MELBOURNE: Outspoken Bernard Tomic has taunted Roger Federer over his struggles against Novak Djokovic after the Swiss great candidly told the young Aussie he had to knuckle down if he wanted to reach the top 10.
Tomic, who has made more noise off the court than on it in his career so far, said the 17-time Grand Slam winner was "nowhere near" the world number one -- and insisted his own game was top-eight material.
"I think he's also far away from Djokovic as well, if he wants to say that," Tomic told reporters, after beating fellow Aussie John Millman to set up an Australian Open last-16 clash with Andy Murray.
"If he believes I'm very far away from the top 10, I also believe my prediction that he's nowhere near Novak's tennis right now."
Tomic was reacting to Federer's comments at this month's Brisbane International when he said the 23-year-old needed to work hard all year if he wants to be a top-10 player.
Djokovic beat Federer, 34, in two Grand Slam finals in 2015, a season which was dominated by the Serbian world number one who only just missed out on a calendar-year Grand Slam.
"The year is not just one month long or one week long. It's 52 weeks. It's every day. That (is what) he's been struggling to show, to be quite honest," Federer, the world number three, told reporters.
"Many seasons now in a row we have seen or heard that top 10 is the goal, and he's missed out on it by a long shot." Tomic, Australia's top-ranked player and currently at a career high of 17, said that Federer's criticism would serve as motivation to push up the rankings.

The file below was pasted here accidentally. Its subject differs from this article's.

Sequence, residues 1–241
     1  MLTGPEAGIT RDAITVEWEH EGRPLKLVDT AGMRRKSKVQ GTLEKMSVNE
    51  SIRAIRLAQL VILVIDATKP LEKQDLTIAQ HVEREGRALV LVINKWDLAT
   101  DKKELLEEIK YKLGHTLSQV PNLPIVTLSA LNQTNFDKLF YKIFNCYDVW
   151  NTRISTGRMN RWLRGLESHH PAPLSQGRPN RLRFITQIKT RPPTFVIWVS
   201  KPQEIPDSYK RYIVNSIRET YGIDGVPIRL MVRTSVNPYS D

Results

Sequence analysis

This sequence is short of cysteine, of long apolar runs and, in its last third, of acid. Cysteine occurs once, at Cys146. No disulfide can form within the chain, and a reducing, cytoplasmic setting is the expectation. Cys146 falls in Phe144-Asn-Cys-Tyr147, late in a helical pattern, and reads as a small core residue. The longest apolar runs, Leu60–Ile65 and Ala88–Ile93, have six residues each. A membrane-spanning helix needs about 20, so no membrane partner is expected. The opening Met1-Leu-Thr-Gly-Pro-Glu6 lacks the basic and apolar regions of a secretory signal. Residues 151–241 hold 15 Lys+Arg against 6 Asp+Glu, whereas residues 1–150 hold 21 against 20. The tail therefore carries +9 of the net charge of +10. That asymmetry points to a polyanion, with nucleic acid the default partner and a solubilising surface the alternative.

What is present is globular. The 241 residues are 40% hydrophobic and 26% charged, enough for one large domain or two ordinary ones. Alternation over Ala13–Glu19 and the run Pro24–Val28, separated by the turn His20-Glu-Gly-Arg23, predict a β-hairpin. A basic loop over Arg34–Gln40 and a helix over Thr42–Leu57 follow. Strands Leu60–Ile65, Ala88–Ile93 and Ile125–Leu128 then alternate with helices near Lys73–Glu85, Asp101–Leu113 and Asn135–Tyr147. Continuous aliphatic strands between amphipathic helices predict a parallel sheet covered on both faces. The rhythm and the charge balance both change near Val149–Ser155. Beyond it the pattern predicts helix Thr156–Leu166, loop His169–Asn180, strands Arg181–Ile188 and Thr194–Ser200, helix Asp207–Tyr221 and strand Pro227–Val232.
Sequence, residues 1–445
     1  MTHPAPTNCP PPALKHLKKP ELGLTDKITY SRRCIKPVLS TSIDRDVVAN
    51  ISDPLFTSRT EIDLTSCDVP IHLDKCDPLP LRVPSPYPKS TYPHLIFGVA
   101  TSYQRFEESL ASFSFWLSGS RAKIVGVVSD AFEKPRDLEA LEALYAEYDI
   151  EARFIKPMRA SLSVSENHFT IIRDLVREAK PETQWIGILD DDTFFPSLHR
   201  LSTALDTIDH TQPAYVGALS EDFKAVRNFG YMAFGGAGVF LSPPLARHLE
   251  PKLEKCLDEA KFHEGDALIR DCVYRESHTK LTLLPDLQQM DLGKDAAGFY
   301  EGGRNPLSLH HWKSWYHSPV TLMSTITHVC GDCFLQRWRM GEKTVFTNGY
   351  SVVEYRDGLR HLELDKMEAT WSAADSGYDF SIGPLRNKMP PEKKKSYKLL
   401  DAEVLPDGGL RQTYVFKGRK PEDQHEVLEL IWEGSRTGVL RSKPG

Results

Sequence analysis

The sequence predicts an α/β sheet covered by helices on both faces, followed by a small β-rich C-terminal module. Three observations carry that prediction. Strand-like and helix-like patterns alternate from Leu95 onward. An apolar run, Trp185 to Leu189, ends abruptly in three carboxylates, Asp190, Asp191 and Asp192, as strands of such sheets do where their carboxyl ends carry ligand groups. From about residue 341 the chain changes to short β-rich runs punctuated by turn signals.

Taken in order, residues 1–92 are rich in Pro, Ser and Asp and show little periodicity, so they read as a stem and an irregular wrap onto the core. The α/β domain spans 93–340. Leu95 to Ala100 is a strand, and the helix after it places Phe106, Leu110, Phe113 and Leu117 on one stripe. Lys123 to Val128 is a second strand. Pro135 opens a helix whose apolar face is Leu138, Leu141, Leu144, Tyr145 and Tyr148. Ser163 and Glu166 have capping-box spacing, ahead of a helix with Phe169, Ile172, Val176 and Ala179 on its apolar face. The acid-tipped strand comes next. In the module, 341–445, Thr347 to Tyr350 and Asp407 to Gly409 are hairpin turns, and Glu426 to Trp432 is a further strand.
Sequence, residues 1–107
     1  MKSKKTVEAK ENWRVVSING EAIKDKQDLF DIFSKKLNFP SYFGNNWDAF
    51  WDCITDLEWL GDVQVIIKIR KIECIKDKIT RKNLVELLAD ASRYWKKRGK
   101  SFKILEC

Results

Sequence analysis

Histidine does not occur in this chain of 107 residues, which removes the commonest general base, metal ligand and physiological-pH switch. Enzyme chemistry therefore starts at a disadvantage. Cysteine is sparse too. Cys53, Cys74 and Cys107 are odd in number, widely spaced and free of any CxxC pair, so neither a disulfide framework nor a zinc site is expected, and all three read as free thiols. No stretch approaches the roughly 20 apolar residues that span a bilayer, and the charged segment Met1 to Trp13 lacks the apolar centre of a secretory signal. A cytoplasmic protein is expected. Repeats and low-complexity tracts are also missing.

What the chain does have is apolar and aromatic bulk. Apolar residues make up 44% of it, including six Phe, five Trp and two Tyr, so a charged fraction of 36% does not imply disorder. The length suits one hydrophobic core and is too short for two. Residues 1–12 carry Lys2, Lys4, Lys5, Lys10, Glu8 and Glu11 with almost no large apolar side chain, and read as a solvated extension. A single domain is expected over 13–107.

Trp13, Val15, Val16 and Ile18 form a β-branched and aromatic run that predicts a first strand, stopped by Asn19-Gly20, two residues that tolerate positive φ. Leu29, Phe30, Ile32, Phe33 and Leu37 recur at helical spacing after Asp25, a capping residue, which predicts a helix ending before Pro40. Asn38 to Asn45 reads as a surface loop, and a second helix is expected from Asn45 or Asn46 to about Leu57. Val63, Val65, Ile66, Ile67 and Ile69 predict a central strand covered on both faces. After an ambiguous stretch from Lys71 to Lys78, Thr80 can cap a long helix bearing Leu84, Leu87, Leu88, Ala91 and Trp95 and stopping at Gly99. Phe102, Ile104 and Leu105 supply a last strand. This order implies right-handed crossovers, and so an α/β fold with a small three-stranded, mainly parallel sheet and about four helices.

"I'm working for that. When I'm playing well, I'm a top-eight player in the world. My ranking has to get there," he said.
"I'm going to work every day this year getting to the top 10. It's not just getting to the top 10. I'm going to get there. It's about staying there for a while. It's about being consistent.
"These guys that have been there the last five, six years on the tour, you have (Tomas) Berdych, (David) Ferrer, (Kei) Nishikori who have been there for a while, they're consistent.
"That's what I want to become, and possibly be even better after I get there."
Tomic also said he didn't expect Murray, the world number two, to be distracted by Saturday's medical drama when his father-in-law Nigel Sears, Ana Ivanovic's coach, collapsed and was taken to hospital.
"For his sake, it's bad luck. I wish him the best. I'm sure it will have no effect for him when he plays on Monday," said Tomic, who is into the Australian Open fourth round for the third time.
He added that he'll be largely doing his tennis development away from the intense scrutiny he receives in Australia.
"Since I was 18, my life changed in Australia. Personally I don't like it," he said. "I try to keep most time for myself in Monaco. I'm hardly in Australia. I live in Monaco. For me it's good.
"It's not always good going everywhere in Australia. There are people looking, 'Oh, I don't like that person'. That's why I spend most of my time in Monaco."